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Report: Jim Rutherford tried everything to bring Marc-Andre Fleury back to Pittsburgh

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This might turn out to be the best non-move the Golden Knights have done.

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How badly did Jim Rutherford want to bring Marc-Andre Fleury back to the Pittsburgh Penguins?

The former general manager called Kelly McCrimmon during the Western Conference Final to gauge interest.

“I did what I never do and will never do again if I work again,” Rutherford told The Athletic. “I called a general manager (McCrimmon) during their playoff series (against Dallas). I said, ‘If you’re moving Marc, you make sure you call me. I want him.’”

The Vegas Golden Knights went on to lose the conference final to the Dallas Stars in five games, which then began a period of uncertainty regarding Fleury and his status with Vegas. The Golden Knights had just signed Robin Lehner to a five-year, $25 million extension, and Fleury’s $7 million cap hit was a possible hindrance to Vegas’ eventual pursuit of Alex Pietrangelo.

Nevertheless, the interest was there from Rutherford, who had been the Penguins’ GM since 2014. Fleury, drafted by the Penguins in 2003, was the starting goalie for the first of Pittsburgh’s three Stanley Cup titles in 2009 against the Detroit Red Wings. He was the backup to Matt Murray when the Penguins went back-to-back in 2016 and 2017.

That was one of the reasons why Rutherford bought out maligned defenseman Jack Johnson, he told Josh Yohe, was because he wanted to create cap room to bring Fleury back to Pittsburgh.

“We tried to bring him back,” Rutherford said. “You have to realize there are moving parts because of the money he makes now. The only way we would have been able to pull it off is if they took back a lot of his money.”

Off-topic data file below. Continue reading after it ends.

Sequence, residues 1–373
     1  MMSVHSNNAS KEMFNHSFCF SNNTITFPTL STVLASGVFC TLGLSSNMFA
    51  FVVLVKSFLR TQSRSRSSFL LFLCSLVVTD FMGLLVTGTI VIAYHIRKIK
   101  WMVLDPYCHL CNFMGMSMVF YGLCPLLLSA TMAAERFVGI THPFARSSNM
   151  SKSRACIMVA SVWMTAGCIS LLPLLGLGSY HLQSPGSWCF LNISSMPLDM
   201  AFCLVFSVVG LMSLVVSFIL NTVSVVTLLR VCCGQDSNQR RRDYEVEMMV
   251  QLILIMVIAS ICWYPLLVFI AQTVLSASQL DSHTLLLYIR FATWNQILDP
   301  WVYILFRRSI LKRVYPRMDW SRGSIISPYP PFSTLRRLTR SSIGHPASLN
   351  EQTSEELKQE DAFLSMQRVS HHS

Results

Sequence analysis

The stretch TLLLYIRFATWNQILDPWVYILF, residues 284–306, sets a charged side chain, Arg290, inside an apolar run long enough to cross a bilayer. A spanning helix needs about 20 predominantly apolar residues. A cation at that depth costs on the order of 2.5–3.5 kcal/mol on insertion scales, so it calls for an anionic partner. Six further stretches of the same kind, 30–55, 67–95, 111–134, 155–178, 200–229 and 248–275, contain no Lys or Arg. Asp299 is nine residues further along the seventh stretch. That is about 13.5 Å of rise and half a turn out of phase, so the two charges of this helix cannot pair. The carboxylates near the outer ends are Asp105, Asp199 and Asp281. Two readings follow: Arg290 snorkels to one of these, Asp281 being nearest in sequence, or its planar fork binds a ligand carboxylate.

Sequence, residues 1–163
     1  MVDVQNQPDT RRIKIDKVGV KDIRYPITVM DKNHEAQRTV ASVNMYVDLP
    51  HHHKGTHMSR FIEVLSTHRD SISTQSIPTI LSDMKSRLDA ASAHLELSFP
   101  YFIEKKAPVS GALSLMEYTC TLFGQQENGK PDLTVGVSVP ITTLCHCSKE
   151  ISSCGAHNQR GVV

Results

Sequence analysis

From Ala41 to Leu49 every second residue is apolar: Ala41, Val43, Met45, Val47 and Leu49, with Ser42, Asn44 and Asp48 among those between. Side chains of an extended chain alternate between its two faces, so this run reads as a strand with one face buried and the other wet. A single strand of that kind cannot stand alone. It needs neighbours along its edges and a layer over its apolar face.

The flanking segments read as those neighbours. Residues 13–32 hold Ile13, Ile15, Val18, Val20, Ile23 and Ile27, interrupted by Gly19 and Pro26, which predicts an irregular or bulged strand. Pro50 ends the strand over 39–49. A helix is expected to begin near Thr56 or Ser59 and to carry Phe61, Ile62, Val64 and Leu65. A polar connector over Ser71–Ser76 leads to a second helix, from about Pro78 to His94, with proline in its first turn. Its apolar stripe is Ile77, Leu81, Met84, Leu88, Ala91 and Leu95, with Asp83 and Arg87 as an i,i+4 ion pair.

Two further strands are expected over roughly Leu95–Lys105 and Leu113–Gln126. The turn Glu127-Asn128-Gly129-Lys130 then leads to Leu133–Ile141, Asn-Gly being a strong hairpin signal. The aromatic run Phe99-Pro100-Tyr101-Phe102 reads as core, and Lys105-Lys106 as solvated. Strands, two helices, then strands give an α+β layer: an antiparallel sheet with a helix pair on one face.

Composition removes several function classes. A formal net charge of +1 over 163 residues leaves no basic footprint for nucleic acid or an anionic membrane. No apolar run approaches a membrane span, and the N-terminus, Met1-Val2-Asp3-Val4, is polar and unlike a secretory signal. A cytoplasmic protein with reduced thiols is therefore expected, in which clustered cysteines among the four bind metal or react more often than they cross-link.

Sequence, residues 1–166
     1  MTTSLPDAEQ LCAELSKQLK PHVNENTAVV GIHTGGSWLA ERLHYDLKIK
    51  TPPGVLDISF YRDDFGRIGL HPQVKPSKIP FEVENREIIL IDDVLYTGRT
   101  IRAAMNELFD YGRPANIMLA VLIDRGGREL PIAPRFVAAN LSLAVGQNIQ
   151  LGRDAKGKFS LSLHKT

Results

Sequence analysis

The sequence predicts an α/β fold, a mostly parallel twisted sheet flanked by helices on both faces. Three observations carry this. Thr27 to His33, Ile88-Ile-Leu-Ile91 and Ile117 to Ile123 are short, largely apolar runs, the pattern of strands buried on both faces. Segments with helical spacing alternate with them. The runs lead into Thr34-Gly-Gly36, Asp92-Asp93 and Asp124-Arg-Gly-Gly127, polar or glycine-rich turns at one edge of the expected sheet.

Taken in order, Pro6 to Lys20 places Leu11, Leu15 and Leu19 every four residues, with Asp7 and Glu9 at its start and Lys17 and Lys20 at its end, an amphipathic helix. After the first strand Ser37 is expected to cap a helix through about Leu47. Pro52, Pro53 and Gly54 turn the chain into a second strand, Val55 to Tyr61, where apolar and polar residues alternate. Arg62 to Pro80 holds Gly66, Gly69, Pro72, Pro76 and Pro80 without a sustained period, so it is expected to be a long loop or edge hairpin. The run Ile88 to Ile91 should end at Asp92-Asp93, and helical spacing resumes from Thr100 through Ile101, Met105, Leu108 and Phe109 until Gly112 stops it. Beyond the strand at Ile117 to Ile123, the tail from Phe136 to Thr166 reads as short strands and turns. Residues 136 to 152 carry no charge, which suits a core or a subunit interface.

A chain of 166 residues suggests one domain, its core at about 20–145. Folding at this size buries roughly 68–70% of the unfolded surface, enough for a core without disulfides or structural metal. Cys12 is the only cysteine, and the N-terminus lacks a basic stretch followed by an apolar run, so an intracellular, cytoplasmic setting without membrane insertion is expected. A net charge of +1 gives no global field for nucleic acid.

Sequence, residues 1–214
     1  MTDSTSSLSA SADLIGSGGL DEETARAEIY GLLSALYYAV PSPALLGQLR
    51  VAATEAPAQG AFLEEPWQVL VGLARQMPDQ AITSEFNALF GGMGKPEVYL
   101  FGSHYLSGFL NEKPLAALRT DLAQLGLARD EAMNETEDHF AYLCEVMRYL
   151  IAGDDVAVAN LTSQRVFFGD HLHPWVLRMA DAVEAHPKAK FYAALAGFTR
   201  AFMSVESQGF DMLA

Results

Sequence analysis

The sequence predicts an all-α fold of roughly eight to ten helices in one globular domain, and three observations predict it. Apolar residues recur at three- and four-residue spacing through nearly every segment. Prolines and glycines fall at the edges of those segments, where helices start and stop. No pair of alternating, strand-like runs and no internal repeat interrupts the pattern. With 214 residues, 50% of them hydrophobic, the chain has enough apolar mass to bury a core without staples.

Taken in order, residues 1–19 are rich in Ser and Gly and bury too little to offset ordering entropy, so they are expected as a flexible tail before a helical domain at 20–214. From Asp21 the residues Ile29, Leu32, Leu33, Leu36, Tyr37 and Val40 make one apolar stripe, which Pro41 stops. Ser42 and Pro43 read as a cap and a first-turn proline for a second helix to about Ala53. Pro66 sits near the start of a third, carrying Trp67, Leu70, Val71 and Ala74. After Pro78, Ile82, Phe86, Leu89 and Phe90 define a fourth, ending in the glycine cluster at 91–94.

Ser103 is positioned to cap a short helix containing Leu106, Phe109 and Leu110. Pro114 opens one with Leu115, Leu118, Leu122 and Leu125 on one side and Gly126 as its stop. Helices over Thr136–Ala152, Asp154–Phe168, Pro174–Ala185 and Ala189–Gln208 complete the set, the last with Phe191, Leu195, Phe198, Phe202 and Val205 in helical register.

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Much has been made about the eventual transaction that partnered Fleury and Vegas together. Rutherford confirmed in this interview that he and Fleury met many times months before the 2017 expansion draft, and that Fleury only wanted to go to one place.

The Golden Knights, in fact, took Fleury in the expansion draft and were also given a second-round pick to ensure he was selected.

“He understood the situation and he never really wanted to leave,” Rutherford said. “But he looked at me one day and said, ‘If I have to go anywhere, can you please try to get me to Vegas?’ So I did everything I could to get him there.”

Bringing back Fleury was a goal of Rutherford’s since last October, and it was also on the to-do list as early as January when interim general manager Patrik Allvin replaced Rutherford. But the Golden Knights haven’t budged, and it’s turned into the best non-trade Vegas has made to this point.

Fleury is playing, arguably, the best hockey of his career with a league-best 1.77 goals-against average and .936 save percentage. This is on par rivaling, if not better, than his play in Year 1 when he led the Golden Knights to the Cup Final. He’s started 16 of the last 17 games due to Lehner missing the past month with an upper-body injury.

The Golden Knights, thanks to Fleury, are atop the West Division and are second in the league in points percentage, trailing the Carolina Hurricanes.

“They made the right decision,” Rutherford said. “The other goalie has been hurt. Marc’s been great, maybe the best in the league.”

Perhaps the biggest what-if is the price Rutherford would’ve had to give up to get Fleury back. Golden Knights owner Bill Foley recently said on the Cam and Strick Pod that no trade for Fleury ever made sense and that he promised Fleury he would retire in Vegas.

“I was serious. Very serious,” Rutherford said. “Very willing to give a lot to get him, too. What I think is a lot and what the other team thinks is a lot may be two different things. I wasn’t looking at it as them giving him away. I was certainly willing to pay the price to get him back. I tried.”